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Diabetes – Summer 2012
Future of Nursing Initiative
Heart Failure - Fall 2011
Influenza - Winter 2011
Nursing Ethics - Fall 2011
Trauma - Fall 2010
Traumatic Brain Injury - Fall 2010
Fluids & Electrolytes
This issue continues our series on new ways of stabilizing healthcare costs, new trends in quality improvement in ambulatory care and empowering patients. VanDeusen Lukas and colleagues add significantly to our understanding of factors that impact the dissemination of innovation in ambulatory services. Tantau adds to the discussion with a commentary on the VanDeusen Lukas article. Cheung and colleagues tie quality improvement into perceived impact, on the part of community health center CEOs, of quality improvement on the financial bottom line of their respective organizations. Wasson and colleagues expand our understanding of consumer engagement/patient empowerment-an increasing focus of our journal. Becker and Douglass extend our conversation on patient engagement with a look at the attractiveness of the ambulatory physical environment and its impact on quality of care. Candib and colleagues extend our understanding of patient engagement with a case study look at attempts of a community health center to improve patient health via an interesting alliance with the local YWCA.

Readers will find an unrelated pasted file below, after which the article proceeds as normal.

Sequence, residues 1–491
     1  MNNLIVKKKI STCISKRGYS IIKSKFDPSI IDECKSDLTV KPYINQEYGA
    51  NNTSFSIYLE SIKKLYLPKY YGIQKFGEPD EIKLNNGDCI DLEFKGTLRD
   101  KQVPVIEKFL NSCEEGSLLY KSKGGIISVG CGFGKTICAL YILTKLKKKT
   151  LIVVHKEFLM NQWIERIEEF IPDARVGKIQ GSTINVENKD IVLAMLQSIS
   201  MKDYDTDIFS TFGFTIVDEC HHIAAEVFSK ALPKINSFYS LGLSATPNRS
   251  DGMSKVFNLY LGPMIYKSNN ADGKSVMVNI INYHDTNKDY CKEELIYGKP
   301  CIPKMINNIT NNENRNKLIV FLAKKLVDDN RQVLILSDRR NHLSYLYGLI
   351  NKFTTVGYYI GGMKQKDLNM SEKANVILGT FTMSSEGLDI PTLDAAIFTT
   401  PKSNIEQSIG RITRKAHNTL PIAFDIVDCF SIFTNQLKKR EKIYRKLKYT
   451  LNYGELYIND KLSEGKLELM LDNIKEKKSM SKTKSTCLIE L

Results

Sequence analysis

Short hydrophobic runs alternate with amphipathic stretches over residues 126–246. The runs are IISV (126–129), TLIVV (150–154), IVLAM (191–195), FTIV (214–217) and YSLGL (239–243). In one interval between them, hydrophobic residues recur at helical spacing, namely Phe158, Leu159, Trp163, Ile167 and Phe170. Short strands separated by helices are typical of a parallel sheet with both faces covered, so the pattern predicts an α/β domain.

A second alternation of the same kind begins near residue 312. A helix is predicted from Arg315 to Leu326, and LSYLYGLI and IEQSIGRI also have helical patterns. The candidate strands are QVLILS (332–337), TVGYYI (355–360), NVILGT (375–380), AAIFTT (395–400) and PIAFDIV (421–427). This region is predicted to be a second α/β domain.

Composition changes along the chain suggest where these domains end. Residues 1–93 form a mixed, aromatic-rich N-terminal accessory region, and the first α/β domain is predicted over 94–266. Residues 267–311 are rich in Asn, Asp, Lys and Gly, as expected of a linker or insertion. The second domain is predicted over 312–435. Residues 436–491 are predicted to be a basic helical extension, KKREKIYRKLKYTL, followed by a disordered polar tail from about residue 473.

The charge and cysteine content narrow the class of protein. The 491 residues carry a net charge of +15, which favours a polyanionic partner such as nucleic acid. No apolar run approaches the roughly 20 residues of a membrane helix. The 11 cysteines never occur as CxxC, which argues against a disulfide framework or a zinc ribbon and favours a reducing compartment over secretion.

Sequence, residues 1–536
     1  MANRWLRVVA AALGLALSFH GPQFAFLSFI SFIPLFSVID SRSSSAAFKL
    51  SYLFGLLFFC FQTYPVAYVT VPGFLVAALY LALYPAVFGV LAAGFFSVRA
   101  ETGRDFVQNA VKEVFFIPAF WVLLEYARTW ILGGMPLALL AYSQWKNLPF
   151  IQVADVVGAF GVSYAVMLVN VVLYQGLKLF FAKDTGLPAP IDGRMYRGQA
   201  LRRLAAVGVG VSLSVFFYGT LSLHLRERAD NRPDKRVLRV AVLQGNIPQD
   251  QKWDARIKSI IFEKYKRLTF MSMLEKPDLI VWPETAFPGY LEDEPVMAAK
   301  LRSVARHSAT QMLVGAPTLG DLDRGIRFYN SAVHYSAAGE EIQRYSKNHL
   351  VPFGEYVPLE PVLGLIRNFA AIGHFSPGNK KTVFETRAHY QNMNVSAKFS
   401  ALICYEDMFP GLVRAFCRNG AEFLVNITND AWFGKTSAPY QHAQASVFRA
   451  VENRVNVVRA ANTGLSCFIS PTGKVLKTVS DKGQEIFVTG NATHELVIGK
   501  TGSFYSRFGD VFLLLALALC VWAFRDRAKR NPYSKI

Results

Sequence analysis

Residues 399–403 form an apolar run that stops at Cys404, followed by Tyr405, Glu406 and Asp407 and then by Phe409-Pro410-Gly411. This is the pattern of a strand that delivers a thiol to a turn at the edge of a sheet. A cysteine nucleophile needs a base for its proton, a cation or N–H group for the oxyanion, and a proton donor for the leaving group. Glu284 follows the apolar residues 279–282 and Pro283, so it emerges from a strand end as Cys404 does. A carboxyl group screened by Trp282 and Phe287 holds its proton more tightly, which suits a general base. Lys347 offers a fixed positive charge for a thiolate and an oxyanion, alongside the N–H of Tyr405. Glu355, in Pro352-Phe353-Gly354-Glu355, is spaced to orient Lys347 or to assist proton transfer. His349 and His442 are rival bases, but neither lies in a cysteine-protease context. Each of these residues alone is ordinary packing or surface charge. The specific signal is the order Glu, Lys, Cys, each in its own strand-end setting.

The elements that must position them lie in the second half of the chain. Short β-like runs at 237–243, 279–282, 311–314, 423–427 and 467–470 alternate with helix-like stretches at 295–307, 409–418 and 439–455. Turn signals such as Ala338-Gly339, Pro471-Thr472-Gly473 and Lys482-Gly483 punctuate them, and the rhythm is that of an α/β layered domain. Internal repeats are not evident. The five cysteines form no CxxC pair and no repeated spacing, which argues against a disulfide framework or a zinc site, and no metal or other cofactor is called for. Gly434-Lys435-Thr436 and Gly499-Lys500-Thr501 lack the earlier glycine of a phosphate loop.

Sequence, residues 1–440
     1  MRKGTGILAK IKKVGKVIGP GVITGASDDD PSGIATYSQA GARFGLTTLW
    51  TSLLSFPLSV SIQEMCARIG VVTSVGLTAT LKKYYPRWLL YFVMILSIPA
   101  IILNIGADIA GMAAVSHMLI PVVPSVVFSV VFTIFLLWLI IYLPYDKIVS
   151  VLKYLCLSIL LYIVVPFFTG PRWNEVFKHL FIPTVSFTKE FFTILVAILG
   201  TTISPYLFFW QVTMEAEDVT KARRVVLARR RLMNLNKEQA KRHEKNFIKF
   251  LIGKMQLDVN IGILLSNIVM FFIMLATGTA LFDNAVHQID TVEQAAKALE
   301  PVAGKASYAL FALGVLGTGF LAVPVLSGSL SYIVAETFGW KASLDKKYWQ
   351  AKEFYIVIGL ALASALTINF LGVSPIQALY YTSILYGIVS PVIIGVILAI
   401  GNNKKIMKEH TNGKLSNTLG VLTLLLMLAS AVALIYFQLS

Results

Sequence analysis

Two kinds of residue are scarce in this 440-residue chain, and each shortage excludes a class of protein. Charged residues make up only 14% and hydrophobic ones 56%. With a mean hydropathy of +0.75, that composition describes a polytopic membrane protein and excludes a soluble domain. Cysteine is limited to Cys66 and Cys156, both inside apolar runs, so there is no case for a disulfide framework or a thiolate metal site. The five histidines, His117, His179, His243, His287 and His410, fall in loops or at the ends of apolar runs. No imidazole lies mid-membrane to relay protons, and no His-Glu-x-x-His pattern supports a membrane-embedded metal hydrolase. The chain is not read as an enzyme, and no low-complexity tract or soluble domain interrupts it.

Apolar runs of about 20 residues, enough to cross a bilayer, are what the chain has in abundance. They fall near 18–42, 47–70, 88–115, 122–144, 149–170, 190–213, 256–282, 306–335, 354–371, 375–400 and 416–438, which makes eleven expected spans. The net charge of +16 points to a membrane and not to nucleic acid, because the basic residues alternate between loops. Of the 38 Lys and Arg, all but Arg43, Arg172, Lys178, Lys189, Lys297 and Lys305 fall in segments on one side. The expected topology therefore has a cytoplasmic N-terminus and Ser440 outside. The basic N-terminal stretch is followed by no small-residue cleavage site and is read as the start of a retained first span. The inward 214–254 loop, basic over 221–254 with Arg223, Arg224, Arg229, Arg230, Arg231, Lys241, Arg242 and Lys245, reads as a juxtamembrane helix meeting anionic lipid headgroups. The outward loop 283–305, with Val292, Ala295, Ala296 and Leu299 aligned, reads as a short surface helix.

We next continue debates begun in the last issue. Schoenbaum and colleagues, from a variety of institutions, including the Commonwealth Fund, comment on the payment proposal for primary care physicians published in the last issue of the journal. The authors of this initial article, including myself, respond to Schoenbaum's commentary.
We need to explore a variety of approaches to improving both the reliability and validity of the information we collect to, for example, improve payment for primary care physicians. Miller and colleagues report on the relationship between outpatient claims data and patient reports, while Naessens expresses concerns about using outpatient claims data for a variety of quality and payment purposes. My perspective on the reliability/validity issue is simple: until the health system uses a data element for payment purposes, there will always be challenges in the completeness of the data-collection process.
Continuing the discussion format, Apolone responds to commentaries on his article on pricing of pharmaceuticals, a critical issue confronting ambulatory care management. Lastly, our routine features from the Republic of Texas, together with our Human Rights column, are enclosed.
Norbert Goldfield, MD, Editor
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